What is a Resting Electrocardiogram (EKG or ECG)?
An electrocardiogram is a simple and painless test that measures and records the electrical activity of the heartbeat. It is often abbreviated as EKG or ECG. This cardiac test is very commonly used as a screening tool to determine many cardiac abnormalities.
How is an EKG performed?
This procedure requires the patient to lie on an examination table and 10 electrodes will be placed on his/her chest, arms, and legs. Leads will be clipped to the electrodes which are attached to an EKG machine. Once the test is started the electrodes will detect the electrical impulses of the heart and transmits them to the EKG machine. A graph is constructed showing the timing of each heartbeat producing a pattern of waves and lines.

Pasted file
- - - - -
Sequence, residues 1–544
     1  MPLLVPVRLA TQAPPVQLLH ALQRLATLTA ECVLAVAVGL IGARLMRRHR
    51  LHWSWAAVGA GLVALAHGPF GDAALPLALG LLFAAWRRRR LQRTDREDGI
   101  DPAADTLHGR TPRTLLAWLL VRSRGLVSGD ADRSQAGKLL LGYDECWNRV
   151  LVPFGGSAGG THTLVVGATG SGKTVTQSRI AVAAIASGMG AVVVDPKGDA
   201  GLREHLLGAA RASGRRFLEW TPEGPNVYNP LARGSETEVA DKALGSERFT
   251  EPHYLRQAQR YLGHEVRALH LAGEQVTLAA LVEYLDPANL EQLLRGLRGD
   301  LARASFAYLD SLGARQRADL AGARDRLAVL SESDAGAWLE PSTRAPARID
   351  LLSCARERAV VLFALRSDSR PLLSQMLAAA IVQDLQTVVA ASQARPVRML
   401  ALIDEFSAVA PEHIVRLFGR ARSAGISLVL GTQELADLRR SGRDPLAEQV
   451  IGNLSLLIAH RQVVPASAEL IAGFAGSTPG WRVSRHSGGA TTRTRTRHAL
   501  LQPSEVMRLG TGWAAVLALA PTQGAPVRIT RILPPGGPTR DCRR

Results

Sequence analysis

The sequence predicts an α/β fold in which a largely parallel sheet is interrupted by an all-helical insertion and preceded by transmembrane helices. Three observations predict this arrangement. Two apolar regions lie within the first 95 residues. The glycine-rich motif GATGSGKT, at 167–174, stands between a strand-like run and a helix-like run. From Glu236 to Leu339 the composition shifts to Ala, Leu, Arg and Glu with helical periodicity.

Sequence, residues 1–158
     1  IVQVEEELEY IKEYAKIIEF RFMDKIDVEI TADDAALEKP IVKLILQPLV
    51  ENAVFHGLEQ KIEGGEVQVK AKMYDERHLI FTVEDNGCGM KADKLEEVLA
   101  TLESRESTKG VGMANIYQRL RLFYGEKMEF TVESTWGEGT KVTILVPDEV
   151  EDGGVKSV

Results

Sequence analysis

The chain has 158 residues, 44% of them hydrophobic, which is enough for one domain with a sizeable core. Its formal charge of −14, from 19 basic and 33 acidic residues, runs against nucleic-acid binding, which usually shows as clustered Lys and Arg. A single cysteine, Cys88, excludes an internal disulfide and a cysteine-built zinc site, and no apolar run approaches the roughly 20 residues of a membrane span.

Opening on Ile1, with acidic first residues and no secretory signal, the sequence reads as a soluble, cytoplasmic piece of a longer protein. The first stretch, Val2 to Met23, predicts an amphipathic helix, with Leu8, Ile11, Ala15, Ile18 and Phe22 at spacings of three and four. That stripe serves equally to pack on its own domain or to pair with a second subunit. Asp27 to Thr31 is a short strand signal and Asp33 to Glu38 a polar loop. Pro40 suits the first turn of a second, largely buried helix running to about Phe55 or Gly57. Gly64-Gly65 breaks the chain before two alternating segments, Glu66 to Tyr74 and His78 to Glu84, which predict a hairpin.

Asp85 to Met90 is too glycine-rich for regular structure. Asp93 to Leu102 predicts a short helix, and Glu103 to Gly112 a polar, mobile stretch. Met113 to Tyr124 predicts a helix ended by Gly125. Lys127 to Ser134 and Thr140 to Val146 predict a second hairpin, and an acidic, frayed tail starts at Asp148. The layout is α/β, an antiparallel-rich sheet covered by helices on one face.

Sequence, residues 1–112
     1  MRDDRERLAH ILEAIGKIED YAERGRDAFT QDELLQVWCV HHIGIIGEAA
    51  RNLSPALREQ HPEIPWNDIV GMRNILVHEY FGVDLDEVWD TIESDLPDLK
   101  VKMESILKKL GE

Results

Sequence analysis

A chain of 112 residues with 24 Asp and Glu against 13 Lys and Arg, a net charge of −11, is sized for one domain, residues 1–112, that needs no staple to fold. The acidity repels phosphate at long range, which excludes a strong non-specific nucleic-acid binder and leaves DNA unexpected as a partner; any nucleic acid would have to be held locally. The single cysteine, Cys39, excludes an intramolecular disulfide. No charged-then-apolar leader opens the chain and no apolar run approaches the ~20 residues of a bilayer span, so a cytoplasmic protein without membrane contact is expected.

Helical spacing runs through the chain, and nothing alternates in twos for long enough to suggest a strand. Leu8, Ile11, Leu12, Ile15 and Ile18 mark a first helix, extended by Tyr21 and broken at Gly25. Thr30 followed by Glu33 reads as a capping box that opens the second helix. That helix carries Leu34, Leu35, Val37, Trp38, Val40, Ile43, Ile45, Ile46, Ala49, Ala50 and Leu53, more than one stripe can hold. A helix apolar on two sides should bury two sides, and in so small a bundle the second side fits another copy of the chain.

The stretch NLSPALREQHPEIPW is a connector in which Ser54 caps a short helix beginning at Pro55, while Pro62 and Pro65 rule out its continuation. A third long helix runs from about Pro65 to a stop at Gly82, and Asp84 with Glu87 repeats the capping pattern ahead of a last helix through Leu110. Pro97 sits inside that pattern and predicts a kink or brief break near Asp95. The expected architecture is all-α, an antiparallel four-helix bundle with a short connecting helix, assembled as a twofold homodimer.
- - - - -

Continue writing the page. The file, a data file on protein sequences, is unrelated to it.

What information does it provide?
From an EKG a doctor can determine how long it takes for an electrical wave to pass through the heart by measuring the intervals between each beat. Cardiologists can determine if the heart rate is normal, slow, fast, or irregular. They may also be able to reveal that parts of the heart are enlarged or overworked. If there are abnormalities present in an EKG this often leads to further testing to completely identify the nature of the problem and to discuss treatment options with the cardiologist.